As an instruction librarian, plagiarism is on my mind quite a bit at the beginning of the fall semester as I work with faculty to integrate information literacy into their courses. Some want to design “plagiarism proof” research assignments while others are looking for information about plagiarism detection software. Everyone wants the silver bullet that doesn’t exist.
I’m not the only one thinking about plagiarism and other issues of academic integrity at UT this fall. At the beginning of the semester, UT President Bill Powers announced that the UT Honor Code has been updated to include academic integrity, a change driven by the UT Senate of College Councils, the student legislative organization on campus dedicated to academic affairs. Not long after President Powers’ announcement, the Chronicle of Higher Education published “Better Data Can Help Colleges Fight Cheating,” a story about how Student Judicial Services at UT-Austin collects and publishes statistics about academic integrity violations and uses this data to combat academic integrity violations across campus.
If you think of plagiarism prevention on campus as a cycle, the first part would be represented by the honor code, which sets a standard of behavior and helps to establish a shared value system on campus. Research shows that there are fewer incidents of plagiarism on campuses with an honor code. The last part of the cycle would be detecting and punishing incidents of plagiarism to reinforce that value system, which is what Student Judicial Services does. The middle part of that cycle, education, is where the Libraries fit in. We work with faculty and other academic support units on campus to provide students with the knowledge and skills to avoid plagiarism.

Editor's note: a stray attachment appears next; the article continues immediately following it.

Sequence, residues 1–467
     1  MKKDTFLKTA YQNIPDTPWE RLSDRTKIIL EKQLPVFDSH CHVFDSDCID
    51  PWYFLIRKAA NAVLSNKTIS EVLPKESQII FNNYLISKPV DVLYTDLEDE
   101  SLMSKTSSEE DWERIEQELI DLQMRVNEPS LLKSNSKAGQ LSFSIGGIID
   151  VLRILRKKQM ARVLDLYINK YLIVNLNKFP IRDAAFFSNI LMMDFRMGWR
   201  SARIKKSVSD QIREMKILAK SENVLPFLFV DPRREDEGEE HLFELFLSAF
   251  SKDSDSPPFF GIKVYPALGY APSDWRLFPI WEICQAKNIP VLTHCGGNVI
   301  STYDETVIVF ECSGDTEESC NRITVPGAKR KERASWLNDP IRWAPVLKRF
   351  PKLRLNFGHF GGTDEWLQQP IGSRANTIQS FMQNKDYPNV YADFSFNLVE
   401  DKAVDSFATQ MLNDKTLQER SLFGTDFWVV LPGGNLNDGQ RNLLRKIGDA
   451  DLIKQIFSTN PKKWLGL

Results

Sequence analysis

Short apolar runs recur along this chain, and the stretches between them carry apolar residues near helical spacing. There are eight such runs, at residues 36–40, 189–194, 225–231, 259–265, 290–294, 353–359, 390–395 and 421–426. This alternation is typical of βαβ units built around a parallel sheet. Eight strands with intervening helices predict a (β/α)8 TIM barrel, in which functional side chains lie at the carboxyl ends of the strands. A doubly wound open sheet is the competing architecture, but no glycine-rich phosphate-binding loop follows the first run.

Over the years, we’ve developed a multi-pronged approach to plagiarism prevention, working both independently and with campus partners such as the Academic Integrity Committee, a part of the Senate of College Councils, the Undergraduate Writing Center, the School of Undergraduate Studies and Student Judicial Services.
Our approach includes:
1. Supporting peer mentors to teach their students what plagiarism is and how to avoid it with a fun, game-based approach. As the number of peer mentor-led learning communities grow as part of a campus-wide initiative, we hope to reach even more students this way.
2. An interactive tutorial, All About Plagiarism, that teaches students what plagiarism is, why they should care, and skills to avoid it (citing, paraphrasing and note taking). Many of our faculty assign this tutorial, linking the quiz results to their gradebooks in Blackboard and Canvas.
3. In-person and online drop in workshops on Avoiding Plagiarism, which we also offer by request to student groups, research groups and departments.
4. Workshops and individual assignment design consultations for faculty.
We know that not every student receives instruction to help them avoid plagiarism, whether through the libraries, in the classroom or via other academic support units. Ideally there would be a program where every student their first year would learn about plagiarism and how to avoid it, and student learning in this program would be assessed with the results folded back in to improve the program. Perhaps with the rising interest in academic integrity on campus, we can work with our partners to make this happen.